Place:Black Diamond, King, Washington, United States

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NameBlack Diamond
TypeCity
Coordinates47.318°N 122.015°W
Located inKing, Washington, United States
source: Getty Thesaurus of Geographic Names
source: Family History Library Catalog


the text in this section is copied from an article in Wikipedia

Black Diamond is a city in King County, Washington, United States. The population was 4,151 at the 2010 census.

Based on per capita income, one of the more reliable measures of affluence, Black Diamond ranks 64th of 522 areas in the state of Washington to be ranked.

History

the text in this section is copied from an article in Wikipedia

Black Diamond was officially incorporated on February 19, 1959.

Beginning in the 1880s Black Diamond was a rural coal mining area, developed by the Black Diamond Coal Mining Company of California, which owned and operated the mine. The original residents were largely composed of former workers, from the company's previous coal mining operation in Nortonville, California, which primarily sold coal to the thriving new metropolis of San Francisco. A combination of low quality coal from the Nortonville mines, water intrusion into the workings there, and the discovery and economical transport of higher-quality Washington coal to San Francisco spelled the demise of Nortonville in the early 1880s. The town was home to around 3,500 people by the early 1900s, many of them European immigrants; most of the working men were involved in producing coal. This coal was transported to Seattle via the Pacific Coast Coal train.

After World War I, the town shut down the mine as it was no longer viable. However a second mining boom spurred growth in the town in the early 1930s on the strength of multiple mining operations promoted by the Morris brothers through the Palmer Coking Coal Company. Mining has continued until recently through the Pacific Coast Coal Company, formerly of San Francisco. The prospect of future mining operations remains strong.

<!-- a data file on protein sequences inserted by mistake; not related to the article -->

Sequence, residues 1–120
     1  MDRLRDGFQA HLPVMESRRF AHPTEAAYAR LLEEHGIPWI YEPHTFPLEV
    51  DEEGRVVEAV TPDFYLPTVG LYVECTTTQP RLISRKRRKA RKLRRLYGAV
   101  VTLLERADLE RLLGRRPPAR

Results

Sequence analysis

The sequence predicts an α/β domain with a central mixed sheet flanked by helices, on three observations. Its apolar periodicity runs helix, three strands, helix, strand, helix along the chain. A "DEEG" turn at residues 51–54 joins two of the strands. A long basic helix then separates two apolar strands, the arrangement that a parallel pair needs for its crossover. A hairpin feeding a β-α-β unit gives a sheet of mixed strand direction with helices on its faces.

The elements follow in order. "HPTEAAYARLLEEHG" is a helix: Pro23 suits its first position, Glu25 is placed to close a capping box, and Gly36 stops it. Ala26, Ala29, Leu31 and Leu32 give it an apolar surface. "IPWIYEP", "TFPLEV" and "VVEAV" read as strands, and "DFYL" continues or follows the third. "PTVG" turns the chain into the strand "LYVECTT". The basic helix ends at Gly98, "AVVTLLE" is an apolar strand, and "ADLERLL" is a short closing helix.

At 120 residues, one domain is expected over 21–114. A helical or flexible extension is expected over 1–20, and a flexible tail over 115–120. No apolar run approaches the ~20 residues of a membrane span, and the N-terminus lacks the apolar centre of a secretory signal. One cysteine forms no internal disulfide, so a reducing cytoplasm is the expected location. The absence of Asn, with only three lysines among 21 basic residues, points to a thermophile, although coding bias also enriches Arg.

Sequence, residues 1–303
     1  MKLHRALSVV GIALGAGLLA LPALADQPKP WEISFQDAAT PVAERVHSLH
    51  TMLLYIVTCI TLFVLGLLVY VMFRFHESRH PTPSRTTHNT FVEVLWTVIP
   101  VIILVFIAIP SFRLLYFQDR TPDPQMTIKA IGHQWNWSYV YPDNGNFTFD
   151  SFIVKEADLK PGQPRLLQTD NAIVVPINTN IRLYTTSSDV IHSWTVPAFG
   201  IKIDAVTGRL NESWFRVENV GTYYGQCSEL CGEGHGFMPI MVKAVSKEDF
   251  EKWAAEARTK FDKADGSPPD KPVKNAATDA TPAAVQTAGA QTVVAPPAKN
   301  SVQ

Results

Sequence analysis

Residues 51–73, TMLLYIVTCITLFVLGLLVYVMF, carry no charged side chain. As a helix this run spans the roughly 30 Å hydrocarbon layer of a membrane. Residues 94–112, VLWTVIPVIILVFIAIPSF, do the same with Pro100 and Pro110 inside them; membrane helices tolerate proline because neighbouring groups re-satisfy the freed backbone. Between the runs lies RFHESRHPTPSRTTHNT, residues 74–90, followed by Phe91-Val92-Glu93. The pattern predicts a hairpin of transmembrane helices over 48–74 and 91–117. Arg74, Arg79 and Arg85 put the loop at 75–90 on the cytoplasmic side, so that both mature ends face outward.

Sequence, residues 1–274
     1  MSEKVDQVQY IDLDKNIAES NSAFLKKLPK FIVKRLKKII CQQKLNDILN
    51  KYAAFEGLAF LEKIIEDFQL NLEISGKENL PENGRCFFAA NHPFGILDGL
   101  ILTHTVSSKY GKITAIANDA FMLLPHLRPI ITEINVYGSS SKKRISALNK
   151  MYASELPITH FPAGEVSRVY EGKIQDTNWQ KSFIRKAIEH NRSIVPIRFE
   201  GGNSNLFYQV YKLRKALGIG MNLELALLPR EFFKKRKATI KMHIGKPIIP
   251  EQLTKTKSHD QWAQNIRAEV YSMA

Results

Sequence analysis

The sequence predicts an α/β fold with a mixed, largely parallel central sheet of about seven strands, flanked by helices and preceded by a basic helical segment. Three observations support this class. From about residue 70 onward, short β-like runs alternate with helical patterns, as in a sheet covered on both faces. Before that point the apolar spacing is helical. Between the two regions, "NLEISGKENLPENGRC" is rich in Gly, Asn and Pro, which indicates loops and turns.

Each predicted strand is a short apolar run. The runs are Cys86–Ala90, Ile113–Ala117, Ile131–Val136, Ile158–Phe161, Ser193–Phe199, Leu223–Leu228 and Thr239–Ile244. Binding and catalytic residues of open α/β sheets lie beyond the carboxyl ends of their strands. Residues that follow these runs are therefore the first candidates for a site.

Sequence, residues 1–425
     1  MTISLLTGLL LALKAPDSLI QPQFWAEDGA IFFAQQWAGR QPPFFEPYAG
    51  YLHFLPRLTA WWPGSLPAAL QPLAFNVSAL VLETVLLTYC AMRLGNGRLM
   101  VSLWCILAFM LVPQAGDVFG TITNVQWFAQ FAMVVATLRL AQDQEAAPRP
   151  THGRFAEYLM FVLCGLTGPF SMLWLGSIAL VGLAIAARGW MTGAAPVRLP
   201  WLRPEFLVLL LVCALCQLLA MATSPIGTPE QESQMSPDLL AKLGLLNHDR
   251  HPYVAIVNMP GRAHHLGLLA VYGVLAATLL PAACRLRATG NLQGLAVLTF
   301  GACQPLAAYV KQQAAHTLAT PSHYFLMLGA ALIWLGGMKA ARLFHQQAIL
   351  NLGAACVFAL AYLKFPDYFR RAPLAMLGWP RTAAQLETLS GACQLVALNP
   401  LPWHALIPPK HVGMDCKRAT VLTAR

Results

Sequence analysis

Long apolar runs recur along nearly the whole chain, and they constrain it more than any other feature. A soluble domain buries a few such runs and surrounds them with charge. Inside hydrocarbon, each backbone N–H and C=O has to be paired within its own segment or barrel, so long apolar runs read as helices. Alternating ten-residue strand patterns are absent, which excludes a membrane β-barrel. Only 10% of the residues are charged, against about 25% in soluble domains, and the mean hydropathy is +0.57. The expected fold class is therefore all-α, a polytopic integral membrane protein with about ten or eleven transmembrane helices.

The town has been home to many famous residents, including folk musician Brandi Carlile (who grew up a few miles east in Ravensdale). The minor-league baseball star Edo Vanni was born at Black Diamond in 1918. This city was put onto the official maps on February 9, 1954, which is considered its birthdate.


The main building of the Black Diamond Historical Museum is the former train station, which served the Columbia & Puget Sound Railway 1884–1916 and the Pacific Coast Railway 1916–1951. According to a sign at the museum, there were originally two trains a day to Seattle, later only one. Regular passenger service ended in 1925, but a train still brought men to the mine until 1931, and trains continued to haul coal and freight into the 1940s.

The Black Diamond Bakery achieved regional fame in the 1970s for the quality of its breads and other baked goods, and continues to attract destination shoppers. The town's late 20th century population growth has been mostly as a commuter community for people with jobs in Seattle, Bellevue, and other suburban centers.

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